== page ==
12 to 24 months old: Utensil time! Continue to serve small, bite-sized pieces of ripe sapodilla and show the child how to pierce the fruit with an age-appropriate fork. Alternatively, serve ripe, de-seeded sapodilla halves in their skin, which acts as a natural cup for the sweet fruit, and show the child how to use a spoon to scoop the flesh.

24 months old and up: Smoothie time! Ripe sapodilla contains plenty of natural sugar, so try mixing it with coconut milk and tart tropical ingredients like lime, passion fruit, or tamarind to balance the sweetness. Of course, you may also continue serving sapodilla halves, quarters, or spears and remove the seeds before serving. In some cultures, sapodilla is eaten before the seeds are removed and the seeds are spat out. Only offer sapodilla with the seeds if you are confident in your child’s chewing and listening skills, and practice coaching your child to spit out the seeds.

Max, 3 years old, learns about sapodilla.
Max, 3 years old, learns about sapodilla (continued).

Avoid the common pitfalls that can lead to picky eating. See our Do’s and Don’ts of Raising a Happy, Independent Eater.

What are recipe ideas for sapodilla?

When ripe, sapodilla tastes sweet with hints of date, caramel, and squash and a soft, grainy texture like an overripened pear. The fruit does not need much preparation: simply cut open a fresh sapodilla and eat the fruit out of hand or mix it into fruit salads with a sprinkle of lime juice and, if you’d like, a little chile pepper for kick. If you want to step it up a notch, use sapodilla in batidos or lassis (smoothies) or blend it to make helado or kulfi (ice cream) or gola or paletas (ice pops). Sapodilla tastes delicious with coconut, so try offering sapodilla in dishes made with coconut milk, like warm grain cereals, chia seed puddings, or quinoa.

Recipe: Sapodilla with Lime and Coconut

six wedges of sapodilla, five of which are coated in shredded coconut, on a marble background for babies starting solids

Yield: ½ cup (170 grams)
Cook Time: 5 minutes
Age: 6 months+


  • 1 ripe sapodilla
  • 1 teaspoon (5 milliliters) lime juice
  • 1 teaspoon (2 grams) unsweetened coconut flakes

This recipe contains a common allergen: coconut (coconut flakes). Only serve to a child after this allergen has been safely introduced. While coconut allergy is rare, it’s classified as a tree nut by the United States Food and Drug Administration.


  1. Cut the sapodilla in half along the equator, then remove and discard the seeds.
  2. Scoop the flesh from its skin, then cut the flesh into quarters or bite-sized pieces.
  3. Drizzle the lime juice over the fruit.
  4. Roll the sapodilla pieces in coconut flakes to add grip.
  5. Serve the sapodilla rolled in coconut flakes as finger food and let baby self-feed by trying to pick up the pieces with their hands. To encourage the use of a utensil, simply preload an age-appropriate fork or spoon and place it next to the food for baby to try to pick up. Alternatively, pass the preloaded utensil in the air for baby to grab.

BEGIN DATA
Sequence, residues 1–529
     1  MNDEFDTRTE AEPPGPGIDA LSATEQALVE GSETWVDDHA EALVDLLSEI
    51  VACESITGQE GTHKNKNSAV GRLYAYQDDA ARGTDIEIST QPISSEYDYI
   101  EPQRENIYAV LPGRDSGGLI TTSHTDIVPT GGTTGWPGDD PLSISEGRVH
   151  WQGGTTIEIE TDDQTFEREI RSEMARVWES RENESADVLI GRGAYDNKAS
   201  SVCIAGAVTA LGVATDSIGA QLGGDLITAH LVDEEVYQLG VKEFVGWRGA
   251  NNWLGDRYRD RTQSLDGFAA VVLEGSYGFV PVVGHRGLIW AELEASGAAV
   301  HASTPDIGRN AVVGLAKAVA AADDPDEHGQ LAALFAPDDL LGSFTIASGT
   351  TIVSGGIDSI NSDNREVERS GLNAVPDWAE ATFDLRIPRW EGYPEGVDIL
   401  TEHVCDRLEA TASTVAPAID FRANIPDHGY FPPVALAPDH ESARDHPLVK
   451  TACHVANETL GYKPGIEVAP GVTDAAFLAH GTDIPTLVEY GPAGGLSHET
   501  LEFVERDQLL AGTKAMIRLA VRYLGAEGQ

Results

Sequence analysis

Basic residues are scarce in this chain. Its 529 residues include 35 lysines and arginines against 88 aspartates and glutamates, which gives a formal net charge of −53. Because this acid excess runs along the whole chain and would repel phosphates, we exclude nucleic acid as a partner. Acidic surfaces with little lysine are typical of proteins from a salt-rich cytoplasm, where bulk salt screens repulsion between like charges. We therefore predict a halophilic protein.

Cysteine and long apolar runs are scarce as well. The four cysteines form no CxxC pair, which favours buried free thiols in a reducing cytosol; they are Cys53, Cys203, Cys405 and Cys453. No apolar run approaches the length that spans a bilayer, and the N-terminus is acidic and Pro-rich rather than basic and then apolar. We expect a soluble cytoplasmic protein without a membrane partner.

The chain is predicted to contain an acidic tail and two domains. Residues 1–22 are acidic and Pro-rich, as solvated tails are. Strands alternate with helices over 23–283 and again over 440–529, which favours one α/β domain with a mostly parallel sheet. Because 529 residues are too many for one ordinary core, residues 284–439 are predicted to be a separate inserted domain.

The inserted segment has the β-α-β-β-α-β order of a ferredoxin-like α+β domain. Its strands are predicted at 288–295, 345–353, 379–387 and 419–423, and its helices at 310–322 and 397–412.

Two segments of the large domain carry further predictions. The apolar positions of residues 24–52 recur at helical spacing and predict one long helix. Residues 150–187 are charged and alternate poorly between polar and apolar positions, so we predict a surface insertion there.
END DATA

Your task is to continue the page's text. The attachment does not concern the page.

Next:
To Store: Cut sapodilla keeps in an air-tight container in the refrigerator for 3 days or in the freezer for 2 months.

Flavor Pairings

Sapodilla’s rich sweetness pairs well with banana, coconut milk, corn, lime, orange, and rice.

Reviewed by

J. Truppi, MSN, CNS

V. Kalami, MNSP, RD, CSP

K. Grenawitzke, OTD, OTR/L, SCFES, IBCLC, CNT

Dr. S. Bajowala, MD, FAAAAI. Board-Certified Allergist & Immunologist (allergy section)

Dr. R. Ruiz, MD, FAAP. Board-Certified General Pediatrician & Pediatric Gastroenterologist

  1. Singh, P. D., Simon, W. R., & West, M. E. (1984). Acute toxicity of seeds of the sapodilla (Achras sapota L.). Toxicon : official journal of the International Society on Toxinology, 22(1), 145–147. DOI: 10.1016/0041-0101(84)90147-8. Retrieved November 8, 2021
  2. Singh, J. P., Kaur, A., Shevkani, K., & Singh, N. (2016). Composition, bioactive compounds and antioxidant activity of common Indian fruits and vegetables. Journal of food science and technology, 53(11), 4056–4066. DOI: 10.1007/s13197-016-2412-8. Retrieved November 8, 2021.
  3. Ansari, S. F., Khan, A. U., Qazi, N. G., Shah, F. A., & Naeem, K. (2019). In Vivo, Proteomic, and In Silico Investigation of Sapodilla for Therapeutic Potential in Gastrointestinal Disorders. BioMed research international, 4921086. DOI: 10.1155/2019/4921086. Retrieved November 8, 2021.
  4. Devatkal, S. K., Kumboj, R., & Paul, D. (2014). Comparative antioxidant effect of BHT and water extracts of banana and sapodilla peels in raw poultry meat. Journal of food science and technology, 51(2), 387–391. DOI: 10.1007/s13197-011-0508-8. Retrieved November 8, 2021.
  5. Ashok Kumar, H. G., Hegde, V. L., Shetty, S. M., & Venkatesh, Y. P. (2013). Characterization and gene cloning of an acidic thaumatin-like protein (TLP 1), an allergen from sapodilla fruit (Manilkara zapota). Allergology international : official journal of the Japanese Society of Allergology, 62(4), 447–462. DOI: 10.2332/allergolint.12-OA-0522. Retrieved November 8, 2021
  6. Hegde, V. L., Venkatesh, Y. P. (2002). Oral allergy syndrome to sapodilla (Achras zapota). Journal of Allergy and Clinical Immunology, 110, 3, 533-534. Retrieved November 8, 2021.
  7. Hegde, V. L., Ashok Kumar, H. G., Sreenath, K., Hegde, M. L., & Venkatesh, Y. P. (2014). Identification and characterization of a basic thaumatin-like protein (TLP 2) as an allergen in sapodilla plum (Manilkara zapota). Molecular nutrition & food research, 58(4), 894–902. DOI: 10.1002/mnfr.201300261. Retrieved November 8, 2021.
  8. American Academy of Allergy Asthma & Immunology. Oral allergy syndrome (OAS). Retrieved November 8, 2021.
  9. Sussman, G., Sussman, A., Sussman, D. (2010). Oral allergy syndrome. CMAJ : Canadian Medical Association journal = journal de l’Association medicale canadienne, 182(11), 1210–1211. DOI: 10.1503/cmaj.090314. Retrieved April 1, 2021.
  10. Tourangeau, L. M., Walford, H. H., Nguyen, J. T. Oral allergy syndrome (OAS). Stanford Medicine. Retrieved November 8, 2021.
  11. Chareoansiri R, Kongkachuichai R. (2009). Sugar profiles and soluble and insoluble dietary fiber contents of fruits in Thailand marketsInt J Food Sci Nutr, 60 Suppl 4:126-139. DOI: 10.1080/09637480802609376. Retrieved November 8, 2021.